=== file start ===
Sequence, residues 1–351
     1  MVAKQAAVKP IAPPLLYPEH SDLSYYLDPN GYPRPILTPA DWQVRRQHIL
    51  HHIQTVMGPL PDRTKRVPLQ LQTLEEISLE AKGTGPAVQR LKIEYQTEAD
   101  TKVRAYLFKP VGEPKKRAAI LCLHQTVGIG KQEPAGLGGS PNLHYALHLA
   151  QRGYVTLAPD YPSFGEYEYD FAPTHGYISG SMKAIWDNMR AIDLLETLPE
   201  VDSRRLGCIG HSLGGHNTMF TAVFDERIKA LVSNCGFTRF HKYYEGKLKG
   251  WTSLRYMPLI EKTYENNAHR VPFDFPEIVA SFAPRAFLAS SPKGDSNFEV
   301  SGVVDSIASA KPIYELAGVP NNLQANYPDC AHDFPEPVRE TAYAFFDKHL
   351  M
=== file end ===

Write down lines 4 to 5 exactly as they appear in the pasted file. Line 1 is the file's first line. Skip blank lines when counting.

   101  TKVRAYLFKP VGEPKKRAAI LCLHQTVGIG KQEPAGLGGS PNLHYALHLA
   151  QRGYVTLAPD YPSFGEYEYD FAPTHGYISG SMKAIWDNMR AIDLLETLPE